Niles Community Schools teacher arrested on assault charges
NILES — A Niles Community Schools teacher was arrested last week on charges of assaulting two students.
Special education teacher Sara “Sally” Irons, of Niles, was arrested Monday, March 15, after turning herself into Niles police on a warrant for assault and battery. The charges stem from three separate incidents against two students at Southside School, which operates programs for low incidence special needs students and students who are not achieving, primarily due to an inability to control their behavior.
According to a report released by the Niles Police Department, school administrators first became aware of an incident occurring on Oct. 30, 2020, in which Irons allegedly pulled the ear of a student. The student was interviewed about the incident on Dec. 16, 2020. According to the police report, the student can be seen on video leaving a homeroom classroom cupping their ear and looking distraught on the day of the alleged incident.
When interviewed about the incident, Irons denied it had happened.
When reviewing video footage leading up to the date of the first incident, Southside administrators discovered another incident involving Irons and the same student occurring on Oct. 23, 2020. Further details were not available.
The third and final incident occurred on Jan. 12.
When in a classroom with a different student, Irons noticed the student had an unauthorized cellphone. According to the police report, Irons pushed a student up against a shelf and wrapped herself around the student from behind, “almost like a bear hug.” During this time, Irons was attempting to “snatch” and “claw” the phone away from the student. Other staff members observed the incident and intervened.
According to the police report, Adam Burtsfield, director of special education at Niles Community Schools, told police that all Southside staff are trained in Therapeutic Crisis Intervention, which teaches verbal de-escalation when incidents involving students occur. He told police that at no point should Irons have become physical with students, given the nature of the three incidents. When restraint is necessary due to immediate safety concerns, TCI requires at least two staff members, usually more. Restraint is not to be used in incidents involving the refusal to surrender personal property.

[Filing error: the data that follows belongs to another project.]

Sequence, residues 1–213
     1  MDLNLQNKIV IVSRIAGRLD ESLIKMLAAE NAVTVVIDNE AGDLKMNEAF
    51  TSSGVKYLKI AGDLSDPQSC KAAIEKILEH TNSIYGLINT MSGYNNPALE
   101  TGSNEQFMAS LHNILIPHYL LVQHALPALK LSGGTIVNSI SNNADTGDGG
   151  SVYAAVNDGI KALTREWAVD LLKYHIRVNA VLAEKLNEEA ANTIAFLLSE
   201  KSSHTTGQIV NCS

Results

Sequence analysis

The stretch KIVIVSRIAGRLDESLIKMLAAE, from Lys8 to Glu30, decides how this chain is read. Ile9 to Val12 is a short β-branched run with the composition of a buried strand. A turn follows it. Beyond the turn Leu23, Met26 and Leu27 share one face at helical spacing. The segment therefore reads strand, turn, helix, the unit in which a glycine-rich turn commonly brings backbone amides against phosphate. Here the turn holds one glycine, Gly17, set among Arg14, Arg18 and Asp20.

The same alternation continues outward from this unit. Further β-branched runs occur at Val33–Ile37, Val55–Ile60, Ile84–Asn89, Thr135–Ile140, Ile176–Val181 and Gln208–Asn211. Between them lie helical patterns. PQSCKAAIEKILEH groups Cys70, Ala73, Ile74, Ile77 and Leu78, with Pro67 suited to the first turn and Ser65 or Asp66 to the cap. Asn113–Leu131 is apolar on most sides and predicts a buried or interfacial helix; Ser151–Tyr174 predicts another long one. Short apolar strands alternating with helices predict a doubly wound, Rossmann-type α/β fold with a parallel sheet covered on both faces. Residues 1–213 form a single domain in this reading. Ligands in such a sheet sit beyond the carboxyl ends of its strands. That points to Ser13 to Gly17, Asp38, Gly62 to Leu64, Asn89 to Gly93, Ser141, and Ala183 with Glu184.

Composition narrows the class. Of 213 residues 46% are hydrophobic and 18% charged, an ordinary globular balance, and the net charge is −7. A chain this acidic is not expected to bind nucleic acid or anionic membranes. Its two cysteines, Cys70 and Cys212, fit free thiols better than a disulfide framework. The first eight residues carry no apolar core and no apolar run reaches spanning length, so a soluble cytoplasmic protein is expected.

One witness told police that the technique used by Irons in the Jan. 12 incident was not one taught to staff.
On Jan. 13, Irons was placed on paid administrative leave while the district investigated the three incidents.
“At Niles Community Schools, the safety and well-being of our students is and will always be our first priority,” said Niles Community Schools Superintendent Dan Applegate in a statement to Leader Publications. “Upon hearing the allegations, we immediately placed the teacher in question on administrative leave, conducted an internal investigation and reported the incident to local authorities. Given this is a legal matter, we are unable to provide additional information at this time.”
In 2020, Irons received a Service Years Award from Niles Community Schools for 25 years of service to the district.
Irons’ lawyer could not be reached for comment as of publication.
Irons is currently out on bond and scheduled for arraignment next month.